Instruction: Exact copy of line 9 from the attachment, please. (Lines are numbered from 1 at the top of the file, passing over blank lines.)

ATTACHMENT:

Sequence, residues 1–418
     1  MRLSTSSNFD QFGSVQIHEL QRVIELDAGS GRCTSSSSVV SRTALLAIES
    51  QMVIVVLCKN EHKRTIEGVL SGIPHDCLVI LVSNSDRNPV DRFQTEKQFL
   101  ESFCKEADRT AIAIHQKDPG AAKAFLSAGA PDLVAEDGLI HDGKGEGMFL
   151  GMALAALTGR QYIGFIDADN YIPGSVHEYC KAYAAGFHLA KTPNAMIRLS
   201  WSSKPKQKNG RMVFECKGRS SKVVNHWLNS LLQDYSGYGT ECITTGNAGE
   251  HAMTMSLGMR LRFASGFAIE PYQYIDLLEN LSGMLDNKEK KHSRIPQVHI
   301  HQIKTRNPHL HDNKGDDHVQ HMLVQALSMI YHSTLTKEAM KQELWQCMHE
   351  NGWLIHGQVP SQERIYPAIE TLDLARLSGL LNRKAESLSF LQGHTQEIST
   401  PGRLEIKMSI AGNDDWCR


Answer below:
   351  NGWLIHGQVP SQERIYPAIE TLDLARLSGL LNRKAESLSF LQGHTQEIST